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Monday, April 16, 2012

TEDMED: Abysmal Transportation at a Great Conference

The above photograph of a Washington DC trolly bus was the bane of my existence at the TEDMED conference I attended. The conference itself was an amazing experience. It was nothing like the anthropology conferences I have been attending since I became a professional anthropologist. Anthropology conferences are bare bones. No swag, sub basic speaker set ups at mid line or cheap hotel/conference centers. Well, last week I learned how the other half lives. I have no idea how much money was poured into the TEDMED conference but it was substantial. And this I suppose reflects the significant sum of money people invest in attending. While I did not shell out anything to attend thanks to the Hastings Center that got me a scholarship, others forked over $5,000. What does this money buy a delegate? Access to the Kennedy Center, a social hub in the form of a huge tent--think circus sized tent, dinner at the Library of Congress, excellent food, meaning breakfast lunch and dinner, and an open bar in the evening. It was the open bar that shocked me. An open bar and anthropologists is a bad mix. Think stupor here!

While I could wax poetic about the facilities and speakers there was one glaring flaw--transportation in the form of buses from my hotel to events all over Washington DC was problematic at best. And here I am being far too polite. Transportation was a disgrace, totally unacceptable. Prior to attending the conference I inquired multiple times about accessible transportation. The first reply was typical. Of course we have accessible transportation. When I inquired as to what that accessible transportation entails I was informed "some buses" have wheelchair lifts. At any other conference I would have interpreted "some buses" to mean you are on your own. We have an accessible bus but have not seen it since the Nixon Administration. However, given the conference was a TEDMED event I had higher hopes and expectations. I will say this about the buses. I was able to get to every event. That is as far as my praise can go. By itself this is an indictment of just how bad bus service is in America for people with a disability.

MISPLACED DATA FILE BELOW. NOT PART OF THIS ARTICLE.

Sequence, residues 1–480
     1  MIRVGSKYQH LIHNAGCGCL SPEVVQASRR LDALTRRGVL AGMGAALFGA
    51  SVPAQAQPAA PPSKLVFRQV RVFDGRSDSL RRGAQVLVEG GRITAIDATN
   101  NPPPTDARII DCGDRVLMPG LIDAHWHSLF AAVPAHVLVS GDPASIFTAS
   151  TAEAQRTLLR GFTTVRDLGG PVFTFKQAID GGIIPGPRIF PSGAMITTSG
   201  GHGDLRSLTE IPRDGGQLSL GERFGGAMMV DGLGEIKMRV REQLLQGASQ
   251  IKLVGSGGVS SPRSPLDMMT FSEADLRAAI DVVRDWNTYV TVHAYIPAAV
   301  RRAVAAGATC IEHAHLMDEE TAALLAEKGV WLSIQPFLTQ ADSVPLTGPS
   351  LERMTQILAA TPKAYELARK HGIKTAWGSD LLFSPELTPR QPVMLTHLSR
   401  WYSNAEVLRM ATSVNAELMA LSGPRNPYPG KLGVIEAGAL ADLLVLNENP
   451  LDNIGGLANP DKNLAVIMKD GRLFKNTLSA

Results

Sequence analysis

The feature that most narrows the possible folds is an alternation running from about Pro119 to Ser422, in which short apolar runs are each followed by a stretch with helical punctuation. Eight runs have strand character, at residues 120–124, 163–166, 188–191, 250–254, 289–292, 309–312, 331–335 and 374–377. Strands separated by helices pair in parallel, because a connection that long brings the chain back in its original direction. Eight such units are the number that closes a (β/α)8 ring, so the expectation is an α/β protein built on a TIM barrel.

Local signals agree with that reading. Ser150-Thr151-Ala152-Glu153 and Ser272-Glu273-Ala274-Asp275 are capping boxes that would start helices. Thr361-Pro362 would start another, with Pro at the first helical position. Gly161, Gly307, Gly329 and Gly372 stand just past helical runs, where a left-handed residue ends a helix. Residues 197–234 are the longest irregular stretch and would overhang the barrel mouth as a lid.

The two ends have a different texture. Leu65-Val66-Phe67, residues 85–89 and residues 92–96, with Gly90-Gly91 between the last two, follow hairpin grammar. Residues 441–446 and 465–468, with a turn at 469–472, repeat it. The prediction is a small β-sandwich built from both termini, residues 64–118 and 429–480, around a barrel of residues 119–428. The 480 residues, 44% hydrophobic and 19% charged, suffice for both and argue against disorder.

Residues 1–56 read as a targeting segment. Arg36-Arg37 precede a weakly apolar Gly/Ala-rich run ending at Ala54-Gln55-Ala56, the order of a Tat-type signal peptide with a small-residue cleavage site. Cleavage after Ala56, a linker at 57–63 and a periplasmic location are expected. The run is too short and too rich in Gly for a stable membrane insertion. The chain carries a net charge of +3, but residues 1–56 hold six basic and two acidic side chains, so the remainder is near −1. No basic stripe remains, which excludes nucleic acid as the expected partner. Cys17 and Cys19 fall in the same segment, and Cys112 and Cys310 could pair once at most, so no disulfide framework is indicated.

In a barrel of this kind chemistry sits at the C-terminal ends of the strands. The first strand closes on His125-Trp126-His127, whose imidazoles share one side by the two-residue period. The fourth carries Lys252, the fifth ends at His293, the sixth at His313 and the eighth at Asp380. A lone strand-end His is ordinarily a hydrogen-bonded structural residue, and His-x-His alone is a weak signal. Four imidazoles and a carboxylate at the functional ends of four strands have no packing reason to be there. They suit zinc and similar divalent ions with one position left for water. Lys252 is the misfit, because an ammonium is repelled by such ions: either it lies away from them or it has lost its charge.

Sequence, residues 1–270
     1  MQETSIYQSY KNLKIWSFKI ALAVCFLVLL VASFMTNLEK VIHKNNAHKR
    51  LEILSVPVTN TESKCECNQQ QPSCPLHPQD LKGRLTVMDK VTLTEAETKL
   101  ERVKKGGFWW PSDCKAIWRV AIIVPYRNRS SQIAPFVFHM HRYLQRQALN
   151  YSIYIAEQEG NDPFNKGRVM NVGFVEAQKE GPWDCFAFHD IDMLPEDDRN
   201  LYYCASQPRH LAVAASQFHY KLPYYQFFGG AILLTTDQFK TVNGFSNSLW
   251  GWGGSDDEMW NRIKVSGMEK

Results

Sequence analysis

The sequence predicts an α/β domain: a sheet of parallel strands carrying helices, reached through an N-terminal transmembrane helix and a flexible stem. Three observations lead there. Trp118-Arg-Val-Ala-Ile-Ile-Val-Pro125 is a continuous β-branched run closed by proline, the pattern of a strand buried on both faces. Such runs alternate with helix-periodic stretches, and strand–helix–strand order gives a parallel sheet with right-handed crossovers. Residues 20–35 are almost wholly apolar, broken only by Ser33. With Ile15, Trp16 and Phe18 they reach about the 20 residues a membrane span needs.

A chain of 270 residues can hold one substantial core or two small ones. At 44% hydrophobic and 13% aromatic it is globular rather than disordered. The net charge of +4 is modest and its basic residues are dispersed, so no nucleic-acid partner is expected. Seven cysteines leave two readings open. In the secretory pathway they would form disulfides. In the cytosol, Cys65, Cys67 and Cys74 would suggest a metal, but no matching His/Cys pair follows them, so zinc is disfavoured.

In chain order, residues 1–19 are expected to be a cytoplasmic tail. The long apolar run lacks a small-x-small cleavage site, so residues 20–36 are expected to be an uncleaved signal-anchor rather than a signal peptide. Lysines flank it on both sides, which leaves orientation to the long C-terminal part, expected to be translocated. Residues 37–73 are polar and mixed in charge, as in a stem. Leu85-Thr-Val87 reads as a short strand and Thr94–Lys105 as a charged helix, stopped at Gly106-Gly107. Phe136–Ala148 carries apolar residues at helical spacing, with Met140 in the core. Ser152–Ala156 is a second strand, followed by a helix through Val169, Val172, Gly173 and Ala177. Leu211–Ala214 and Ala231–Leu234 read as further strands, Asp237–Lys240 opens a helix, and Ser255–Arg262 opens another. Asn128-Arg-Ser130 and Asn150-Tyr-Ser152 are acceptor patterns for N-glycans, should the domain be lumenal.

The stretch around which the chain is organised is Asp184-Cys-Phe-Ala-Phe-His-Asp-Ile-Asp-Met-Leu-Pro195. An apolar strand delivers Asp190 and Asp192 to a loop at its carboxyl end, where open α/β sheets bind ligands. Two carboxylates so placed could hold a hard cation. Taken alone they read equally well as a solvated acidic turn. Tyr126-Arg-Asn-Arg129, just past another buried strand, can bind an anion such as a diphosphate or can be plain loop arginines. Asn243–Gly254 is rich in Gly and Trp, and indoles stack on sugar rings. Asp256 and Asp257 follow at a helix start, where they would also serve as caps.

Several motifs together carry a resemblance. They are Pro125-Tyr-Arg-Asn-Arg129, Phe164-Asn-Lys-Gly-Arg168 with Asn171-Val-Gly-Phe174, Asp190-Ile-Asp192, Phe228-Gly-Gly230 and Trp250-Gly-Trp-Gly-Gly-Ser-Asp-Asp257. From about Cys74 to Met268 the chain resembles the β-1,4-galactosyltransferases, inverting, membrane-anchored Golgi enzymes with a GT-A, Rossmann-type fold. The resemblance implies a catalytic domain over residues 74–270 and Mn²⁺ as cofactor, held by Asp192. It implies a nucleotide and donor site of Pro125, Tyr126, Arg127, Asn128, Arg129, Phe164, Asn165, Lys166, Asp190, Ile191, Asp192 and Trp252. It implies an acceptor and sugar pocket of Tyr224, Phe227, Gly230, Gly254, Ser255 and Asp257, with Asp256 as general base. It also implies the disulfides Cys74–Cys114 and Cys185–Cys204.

What I was told before I left for Washington DC was correct. Some buses were accessible. Not many, but some. If each and every bus that had a lift operated and the driver knew how to use the lift  I would have experienced minor inconvenience. But as most people that use a wheelchair know just because a bus has a lift does not mean it works. I would estimate half the wheelchair lifts on "some buses" were not operational. This transformed my transportation experience from being a minor inconvenience to a major problem.

 What problems did I encounter? The usual excuses abounded: "the lift is broken", "the key is missing", "I don't know how to use it", "the tie downs are gone", "I don't know how to use the tie downs" etc. At any other conference or tour of the city this would be expected. But we are not talking about any other conference or city tour. Major funding goes into the TEDMED conference. It is a spectacular conference, speakers uniformly superb, polished even, and all other events were extremely accessible. The Kennedy Center was a delight, bathrooms abounded, staff helpful and professional.